From the 1950s-80s, the world witnessed an outpouring of revolutionary technologies, monumental events, artistic experimentation, and rock ‘n’ roll. These bold, gritty, funky, and playful posters reveal the energy of this intensely creative period, from the Beatles’ Yellow Submarine and The Concert for Bangladesh (see our star-studded hand-signed poster below), to the explosive New York art scene championed by Andy Warhol and Keith Haring.
45 3/8 x 60 5/8 in./115.4 x 154 cm
The cat made several appearances in mid-20th century Philips advertisements, always as a whimsical and endearing creature. In this French poster for the Dutch electronics company, our friendly feline is enchanted by a large fish, whose details are so clearly rendered on this television screen that the cat believes it to be real. Not to worry, kitty—Philips coyly reminds us that this version is safer: “c’est plus sûr!”
52 1/2 x 76 7/8 in./133.2 x 195 cm
We all live in il sottomarino giallo, il sottomarino giallo… It may not roll off the tongue as easily, but this Italian poster for the Beatles’ trippy “Yellow Submarine” movie is a whimsical delight. In watercolor-like swathes of saturated color, this underwater scene of The Sea of Monsters and Pepperland undulates like an acid trip. Notable characters, including The Boob and The Snapping Turtle Turk, mill about amongst our abstracted friends, John, Paul, George, and Ringo. Though unsigned, all characters were designed by animator Heinz Edelmann. This is a two sheet poster.
27 x 41 in./68.5 x 104.2 cm
Although the music documentary may not have been well received at the time of its release in 1976, this poster for “All This and World War II” is a truly rare and magnificent gem. It features original signatures by the cast, including John Lennon (with a unique doodle!), Paul McCartney, Elton John, Peter Gabriel, Tina Turner, Rod Stewart, Frankie Valli, Jeff Lynne, and five unidentifiable (but surely significant) signatures from other musicians. Rare!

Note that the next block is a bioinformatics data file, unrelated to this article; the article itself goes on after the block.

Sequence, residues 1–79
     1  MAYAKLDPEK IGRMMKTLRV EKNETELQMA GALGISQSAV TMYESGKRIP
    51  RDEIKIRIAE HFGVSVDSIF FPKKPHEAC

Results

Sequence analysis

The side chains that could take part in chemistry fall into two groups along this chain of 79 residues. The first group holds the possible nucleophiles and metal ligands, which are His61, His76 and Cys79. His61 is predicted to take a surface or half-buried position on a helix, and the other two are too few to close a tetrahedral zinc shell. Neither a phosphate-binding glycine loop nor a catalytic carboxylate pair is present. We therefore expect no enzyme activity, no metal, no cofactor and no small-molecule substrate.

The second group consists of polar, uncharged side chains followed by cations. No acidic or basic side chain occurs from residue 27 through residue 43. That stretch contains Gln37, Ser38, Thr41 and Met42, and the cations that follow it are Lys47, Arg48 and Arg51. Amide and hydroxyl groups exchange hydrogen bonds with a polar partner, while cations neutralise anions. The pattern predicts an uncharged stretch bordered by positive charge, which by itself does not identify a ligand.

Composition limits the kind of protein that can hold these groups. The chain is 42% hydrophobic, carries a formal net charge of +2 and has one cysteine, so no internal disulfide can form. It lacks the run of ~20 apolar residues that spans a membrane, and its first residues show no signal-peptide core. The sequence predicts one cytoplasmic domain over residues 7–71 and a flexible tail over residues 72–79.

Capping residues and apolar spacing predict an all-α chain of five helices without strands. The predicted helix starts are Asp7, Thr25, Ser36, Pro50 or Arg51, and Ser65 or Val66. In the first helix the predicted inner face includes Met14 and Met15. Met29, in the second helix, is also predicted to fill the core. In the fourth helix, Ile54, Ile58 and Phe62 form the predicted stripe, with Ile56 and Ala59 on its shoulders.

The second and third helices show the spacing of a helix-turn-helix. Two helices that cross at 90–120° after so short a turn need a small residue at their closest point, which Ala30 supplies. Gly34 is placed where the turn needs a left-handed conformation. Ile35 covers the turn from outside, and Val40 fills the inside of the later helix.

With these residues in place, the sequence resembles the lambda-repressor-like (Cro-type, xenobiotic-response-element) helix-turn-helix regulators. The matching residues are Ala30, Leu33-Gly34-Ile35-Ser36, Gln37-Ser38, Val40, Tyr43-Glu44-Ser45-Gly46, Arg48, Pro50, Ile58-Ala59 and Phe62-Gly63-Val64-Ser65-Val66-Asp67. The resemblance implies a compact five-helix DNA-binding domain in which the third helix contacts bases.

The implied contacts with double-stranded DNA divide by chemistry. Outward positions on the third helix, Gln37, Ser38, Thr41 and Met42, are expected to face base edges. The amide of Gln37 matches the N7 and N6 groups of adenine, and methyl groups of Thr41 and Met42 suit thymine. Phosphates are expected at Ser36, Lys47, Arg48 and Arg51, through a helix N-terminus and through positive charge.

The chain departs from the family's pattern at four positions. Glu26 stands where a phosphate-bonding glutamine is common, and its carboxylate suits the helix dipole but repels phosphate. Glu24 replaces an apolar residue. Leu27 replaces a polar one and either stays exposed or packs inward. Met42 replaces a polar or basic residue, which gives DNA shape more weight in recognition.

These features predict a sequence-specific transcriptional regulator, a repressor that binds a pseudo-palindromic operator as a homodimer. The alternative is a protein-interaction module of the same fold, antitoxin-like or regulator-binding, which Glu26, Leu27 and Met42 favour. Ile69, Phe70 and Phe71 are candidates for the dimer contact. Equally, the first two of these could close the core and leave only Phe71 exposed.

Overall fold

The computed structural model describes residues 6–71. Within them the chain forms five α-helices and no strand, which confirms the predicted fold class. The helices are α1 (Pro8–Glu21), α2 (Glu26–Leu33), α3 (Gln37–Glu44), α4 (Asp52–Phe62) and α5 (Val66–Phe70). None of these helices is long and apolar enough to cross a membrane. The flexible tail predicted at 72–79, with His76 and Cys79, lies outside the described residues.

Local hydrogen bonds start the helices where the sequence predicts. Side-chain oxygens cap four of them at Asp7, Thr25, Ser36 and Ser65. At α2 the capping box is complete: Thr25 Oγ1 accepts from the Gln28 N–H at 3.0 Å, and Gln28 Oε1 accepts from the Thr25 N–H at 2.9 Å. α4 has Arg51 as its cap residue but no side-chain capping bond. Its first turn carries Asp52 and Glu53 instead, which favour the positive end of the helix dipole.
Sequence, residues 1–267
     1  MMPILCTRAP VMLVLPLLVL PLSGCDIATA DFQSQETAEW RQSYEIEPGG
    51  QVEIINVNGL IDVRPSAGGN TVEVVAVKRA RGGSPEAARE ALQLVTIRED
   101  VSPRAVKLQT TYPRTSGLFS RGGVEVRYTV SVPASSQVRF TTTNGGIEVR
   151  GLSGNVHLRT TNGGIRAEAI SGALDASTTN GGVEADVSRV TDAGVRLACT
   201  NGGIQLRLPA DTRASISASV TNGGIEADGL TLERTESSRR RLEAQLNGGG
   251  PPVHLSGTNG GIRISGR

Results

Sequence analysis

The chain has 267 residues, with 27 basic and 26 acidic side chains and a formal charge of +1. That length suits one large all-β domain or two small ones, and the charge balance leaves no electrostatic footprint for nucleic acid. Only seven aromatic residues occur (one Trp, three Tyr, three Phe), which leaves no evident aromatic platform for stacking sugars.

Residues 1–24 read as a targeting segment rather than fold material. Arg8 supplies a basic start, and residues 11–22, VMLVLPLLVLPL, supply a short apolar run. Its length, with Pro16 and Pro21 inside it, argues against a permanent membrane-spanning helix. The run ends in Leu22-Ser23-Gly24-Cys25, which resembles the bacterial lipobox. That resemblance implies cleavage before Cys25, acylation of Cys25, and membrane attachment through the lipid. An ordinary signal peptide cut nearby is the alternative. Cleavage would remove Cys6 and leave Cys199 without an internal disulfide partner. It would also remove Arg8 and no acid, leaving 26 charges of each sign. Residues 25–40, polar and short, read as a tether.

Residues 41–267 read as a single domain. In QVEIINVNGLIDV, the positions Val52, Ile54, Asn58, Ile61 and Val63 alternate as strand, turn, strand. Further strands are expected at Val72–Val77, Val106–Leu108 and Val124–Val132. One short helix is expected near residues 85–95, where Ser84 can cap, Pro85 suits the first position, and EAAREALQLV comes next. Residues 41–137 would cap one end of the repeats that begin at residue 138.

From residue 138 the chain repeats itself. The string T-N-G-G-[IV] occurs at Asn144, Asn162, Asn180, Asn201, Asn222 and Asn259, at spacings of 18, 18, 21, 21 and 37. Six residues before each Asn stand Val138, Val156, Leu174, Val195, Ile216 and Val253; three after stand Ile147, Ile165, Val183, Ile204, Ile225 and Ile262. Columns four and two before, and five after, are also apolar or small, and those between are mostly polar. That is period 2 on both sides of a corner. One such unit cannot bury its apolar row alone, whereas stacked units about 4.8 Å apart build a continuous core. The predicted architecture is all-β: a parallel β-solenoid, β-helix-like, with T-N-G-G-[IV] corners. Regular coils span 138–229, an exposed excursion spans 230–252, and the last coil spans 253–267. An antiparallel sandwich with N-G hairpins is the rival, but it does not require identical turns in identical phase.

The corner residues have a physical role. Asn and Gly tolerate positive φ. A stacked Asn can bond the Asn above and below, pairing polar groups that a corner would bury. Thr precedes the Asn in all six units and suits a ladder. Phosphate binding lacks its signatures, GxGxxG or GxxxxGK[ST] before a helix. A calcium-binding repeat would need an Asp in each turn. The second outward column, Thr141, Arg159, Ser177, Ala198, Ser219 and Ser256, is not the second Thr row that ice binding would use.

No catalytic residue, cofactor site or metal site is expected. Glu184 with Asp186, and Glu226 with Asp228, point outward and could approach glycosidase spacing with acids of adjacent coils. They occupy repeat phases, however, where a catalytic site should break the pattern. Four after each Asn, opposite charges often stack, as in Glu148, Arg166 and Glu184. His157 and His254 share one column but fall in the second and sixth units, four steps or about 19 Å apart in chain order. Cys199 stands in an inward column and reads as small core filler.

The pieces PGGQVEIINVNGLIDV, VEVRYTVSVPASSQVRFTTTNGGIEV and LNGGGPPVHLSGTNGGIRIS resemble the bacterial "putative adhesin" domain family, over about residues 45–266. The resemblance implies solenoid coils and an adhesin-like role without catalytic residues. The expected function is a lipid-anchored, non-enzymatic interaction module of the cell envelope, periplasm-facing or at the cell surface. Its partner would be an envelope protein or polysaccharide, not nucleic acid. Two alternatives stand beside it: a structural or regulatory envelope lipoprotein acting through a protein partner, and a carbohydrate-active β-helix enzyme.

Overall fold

27 x 41 in./68.5 x 104.2 cm
“The Concert for Bangladesh,” organized by George Harrison and Ravi Shankar, was a revolutionary humanitarian benefit event—the two concerts generated widespread awareness and considerable funds for relief efforts in Bangladesh. The 1971 concert was followed by an Apple Films concert documentary in 1972. This poster for the celebrated film is made even more thrilling with the addition of signatures from six of the performers, including Bob Dylan, Ringo Starr, George Harrison, Carl Radle, and Leon Russell. Rare!
29 x 42 in./73.5 x 106.8 cm
R.O. Blechman’s “New York at Night” is an elegant and refined depiction of the city that never sleeps. The buildings of midtown and lower Manhattan are gently outlined in black ink, while colored details draw attention to some of New York’s architectural wonders: Grand Central Station, the Empire State Building, and the Chrysler Building, which glow atop the water towers and spires that flit across the skyline like jewels. Blechman is an accomplished animator, illustrator, children’s book author, graphic novelist, and editorial cartoonist; he created 15 iconic covers for the New Yorker between 1974 and 1996. For another New Yorker poster, see Steinberg’s image, No. 365.
Each: 25 x 39 3/8 in./63.3 x 100 cm
Est: $14,000-$17,000 (20)
Frykholm, who became Herman Miller’s first internal graphic designer in 1970, is internationally recognized as one of the great graphic artists of the past fifty years. In his first year on the job, he produced the company’s summer picnic poster – an image that received such a warm response that it became a tradition. Each announces the annual event in a series of images highlighting various aspects of summertime food. They are all clean, bold, and bright examples of American Pop Art. This is a rare complete run of the series. These picnic posters are in the permanent collection of more than a dozen museums worldwide. This may well be your last chance to collect the entire series.
32 7/8 x 45 1/4 in./83.5 x 114.7 cm